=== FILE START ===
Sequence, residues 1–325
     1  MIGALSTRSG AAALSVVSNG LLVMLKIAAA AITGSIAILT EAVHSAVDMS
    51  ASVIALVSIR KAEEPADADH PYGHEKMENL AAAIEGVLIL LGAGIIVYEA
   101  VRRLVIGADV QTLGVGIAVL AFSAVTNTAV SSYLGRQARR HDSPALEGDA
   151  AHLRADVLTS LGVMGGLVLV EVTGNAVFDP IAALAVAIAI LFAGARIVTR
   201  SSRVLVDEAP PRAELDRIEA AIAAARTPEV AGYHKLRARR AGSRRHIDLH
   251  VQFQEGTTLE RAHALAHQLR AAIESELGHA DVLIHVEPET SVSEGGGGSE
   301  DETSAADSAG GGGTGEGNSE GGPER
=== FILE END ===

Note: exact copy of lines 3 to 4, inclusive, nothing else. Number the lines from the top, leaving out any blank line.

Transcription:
    51  ASVIALVSIR KAEEPADADH PYGHEKMENL AAAIEGVLIL LGAGIIVYEA
   101  VRRLVIGADV QTLGVGIAVL AFSAVTNTAV SSYLGRQARR HDSPALEGDA